428A Russell Senate Office Building, Washington, DC 11:00am EST
Chairman David Vitter
Good morning and thank you for joining me today for the Senate Committee on Small Business and Entrepreneurship Hearing to examine the impact the National Labor Relations Board’s new joint-employer standard will have on small businesses across the country.
We are going to hear from a diverse panel of experts and entrepreneurs on this issue. I want to thank all of our witnesses for being here today.
This committee has held numerous hearings this year to highlight the need for regulatory reform in light of how federal agencies have issued new rules and regulations that cause undue burden on small businesses. Most recently, we examined the Obama Administration’s misguided “overtime rule” and listened to testimony from small businesses and non-profit organizations on the severe negative effects the “white collar” rule would have in the workplace.
This joint-employer issue is yet another controversial example of the Obama Administration’s push for misguided labor policies that will not only hurt small business, but also have severe economic consequences. The Board’s decision to change a proven, successful model of business threatens our economy and ultimately puts millions of jobs at risk.
In a landmark decision last August, the NLRB ruled that merely “indirect control” or even “unexercised potential” to control working conditions will now make two separate employers a joint-employer. This means that multiple employers will now have to jointly negotiate working conditions with unions and share liability for labor law violations.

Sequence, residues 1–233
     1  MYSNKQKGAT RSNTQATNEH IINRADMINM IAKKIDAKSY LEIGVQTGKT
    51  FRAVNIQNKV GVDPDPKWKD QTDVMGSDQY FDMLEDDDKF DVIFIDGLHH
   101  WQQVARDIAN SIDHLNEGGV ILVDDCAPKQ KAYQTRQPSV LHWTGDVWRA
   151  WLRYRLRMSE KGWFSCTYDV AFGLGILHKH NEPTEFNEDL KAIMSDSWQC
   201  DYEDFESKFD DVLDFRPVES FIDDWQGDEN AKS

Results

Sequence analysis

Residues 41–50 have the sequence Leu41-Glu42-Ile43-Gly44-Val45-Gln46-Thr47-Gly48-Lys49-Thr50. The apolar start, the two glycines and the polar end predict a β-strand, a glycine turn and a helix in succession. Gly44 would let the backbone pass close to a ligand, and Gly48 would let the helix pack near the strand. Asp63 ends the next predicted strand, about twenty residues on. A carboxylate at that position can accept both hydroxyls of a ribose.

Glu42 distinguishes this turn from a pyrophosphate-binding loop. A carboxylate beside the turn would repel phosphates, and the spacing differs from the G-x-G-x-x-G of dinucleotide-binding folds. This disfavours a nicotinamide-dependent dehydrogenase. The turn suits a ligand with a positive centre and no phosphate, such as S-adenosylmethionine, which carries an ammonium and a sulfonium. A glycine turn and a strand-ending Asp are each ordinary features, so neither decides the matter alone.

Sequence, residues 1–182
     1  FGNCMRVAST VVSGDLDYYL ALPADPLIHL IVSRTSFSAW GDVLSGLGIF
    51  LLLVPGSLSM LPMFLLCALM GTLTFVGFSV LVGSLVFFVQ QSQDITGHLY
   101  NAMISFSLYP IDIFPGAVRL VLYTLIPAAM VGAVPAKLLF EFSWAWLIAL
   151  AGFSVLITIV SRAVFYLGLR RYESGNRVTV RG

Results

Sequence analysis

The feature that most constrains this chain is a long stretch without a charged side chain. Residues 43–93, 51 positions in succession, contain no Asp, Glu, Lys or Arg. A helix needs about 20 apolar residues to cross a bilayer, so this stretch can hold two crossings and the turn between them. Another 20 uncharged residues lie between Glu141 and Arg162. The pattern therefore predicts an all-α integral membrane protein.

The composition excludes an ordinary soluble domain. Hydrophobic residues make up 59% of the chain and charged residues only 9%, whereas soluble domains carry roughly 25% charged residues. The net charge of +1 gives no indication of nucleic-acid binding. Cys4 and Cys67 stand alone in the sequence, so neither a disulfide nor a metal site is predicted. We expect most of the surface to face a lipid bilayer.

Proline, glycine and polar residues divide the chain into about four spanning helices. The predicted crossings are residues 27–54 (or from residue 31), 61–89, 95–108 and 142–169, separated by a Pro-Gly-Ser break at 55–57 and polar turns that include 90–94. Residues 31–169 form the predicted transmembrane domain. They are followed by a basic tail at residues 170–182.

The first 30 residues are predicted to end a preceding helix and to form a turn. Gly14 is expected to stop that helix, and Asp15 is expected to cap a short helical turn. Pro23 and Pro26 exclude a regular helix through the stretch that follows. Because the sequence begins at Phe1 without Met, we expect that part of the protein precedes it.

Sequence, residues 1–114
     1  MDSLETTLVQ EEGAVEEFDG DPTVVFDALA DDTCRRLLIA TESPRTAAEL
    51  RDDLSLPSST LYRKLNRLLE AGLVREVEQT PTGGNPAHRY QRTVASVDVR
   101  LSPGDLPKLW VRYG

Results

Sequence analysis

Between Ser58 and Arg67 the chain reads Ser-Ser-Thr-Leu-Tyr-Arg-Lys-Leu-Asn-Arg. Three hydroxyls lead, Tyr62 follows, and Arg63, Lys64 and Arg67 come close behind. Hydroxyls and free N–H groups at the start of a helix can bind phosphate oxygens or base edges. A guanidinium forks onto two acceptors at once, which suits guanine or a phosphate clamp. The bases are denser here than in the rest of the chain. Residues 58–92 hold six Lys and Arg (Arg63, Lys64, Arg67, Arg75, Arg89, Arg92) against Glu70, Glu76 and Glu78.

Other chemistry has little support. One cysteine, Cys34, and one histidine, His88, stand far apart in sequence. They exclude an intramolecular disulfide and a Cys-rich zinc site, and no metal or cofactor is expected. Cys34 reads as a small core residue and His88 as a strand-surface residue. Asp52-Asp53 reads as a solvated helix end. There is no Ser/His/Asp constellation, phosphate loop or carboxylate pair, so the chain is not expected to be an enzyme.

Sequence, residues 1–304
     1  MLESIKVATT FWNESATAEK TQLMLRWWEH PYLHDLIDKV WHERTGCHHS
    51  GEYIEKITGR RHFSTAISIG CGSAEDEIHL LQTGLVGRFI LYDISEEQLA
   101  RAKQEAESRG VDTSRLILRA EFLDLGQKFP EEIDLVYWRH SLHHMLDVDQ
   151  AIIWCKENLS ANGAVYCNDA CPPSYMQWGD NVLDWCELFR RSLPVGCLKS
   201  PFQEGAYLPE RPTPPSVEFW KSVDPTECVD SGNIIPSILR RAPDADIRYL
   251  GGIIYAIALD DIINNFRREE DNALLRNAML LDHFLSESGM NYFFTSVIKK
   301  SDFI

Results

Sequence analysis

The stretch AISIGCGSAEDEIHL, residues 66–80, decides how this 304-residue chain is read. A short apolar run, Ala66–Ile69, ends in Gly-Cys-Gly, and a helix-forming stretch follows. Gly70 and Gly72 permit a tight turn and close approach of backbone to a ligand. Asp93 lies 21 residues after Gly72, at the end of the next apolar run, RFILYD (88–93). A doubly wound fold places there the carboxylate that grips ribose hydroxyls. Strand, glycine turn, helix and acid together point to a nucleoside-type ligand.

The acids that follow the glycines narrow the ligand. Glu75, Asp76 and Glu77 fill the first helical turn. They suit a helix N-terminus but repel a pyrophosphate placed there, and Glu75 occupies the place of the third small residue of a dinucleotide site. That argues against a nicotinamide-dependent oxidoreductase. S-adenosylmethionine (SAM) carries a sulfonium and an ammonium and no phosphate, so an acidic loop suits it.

Additionally, the outcome of ongoing litigation between McDonald’s and the NLRB over a joint-employer labor dispute is certain to have huge ramifications for many small businesses that operate as franchises. Like many of you here today, I am following this case closely due to its potential significant impact on the small business community.
Small businesses are the biggest source of jobs in many of the states represented on this committee, and it is easy to see that American entrepreneurs are under attack from an agenda-driven NLRB and special interest groups. It is time the administration worked to implement common sense policies that support, not undermine, American job creators.
For over thirty years, contractors, franchisors, and franchisees benefitted from a proven model of business that allowed successful small business owners to help other like-minded entrepreneurs to achieve the American Dream. By sharing trademarks, ideas, job training, marketing plans, and other helpful tools for success, a franchisee can benefit from the franchisor’s experience developing a successful business plan. These entrepreneurs are given the keys to success to run their own business and successfully create jobs in their local communities.
Despite the fact that franchisors are not responsible for hiring employees or even overseeing their day-to-day operations, they are still responsible for protecting the franchisee’s workers from any labor violations under the new standard that is being aggressively litigated by the NLRB’s General Counsel.
I hope to hear from our witnesses today on how business owners and entrepreneurs are expected to enter the marketplace and make long-term strategic decisions about their businesses given the high level of uncertainty created by the NLRB’s decisions.
In an effort to allow businesses to return to the traditional joint-employer standard, Senators Alexander and Isakson authored S.2686 the Protecting Local Business Opportunity Act.
Many members of this committee are cosponsors, and I strongly support efforts to move forward with this bill and want to commend their work on this important issue.
Along with the House Small Business Committee, the HELP Committee, and many Members of Congress from the House and Senate, I raised my concerns about the NLRB’s actions and will continue to fight against policies that make it harder to grow and operate small businesses. It is time the Obama Administration makes helping small businesses a priority.
Now, let’s get today’s conversation started. Again, I’d like to thank everyone for being here today and look forward to our discussion.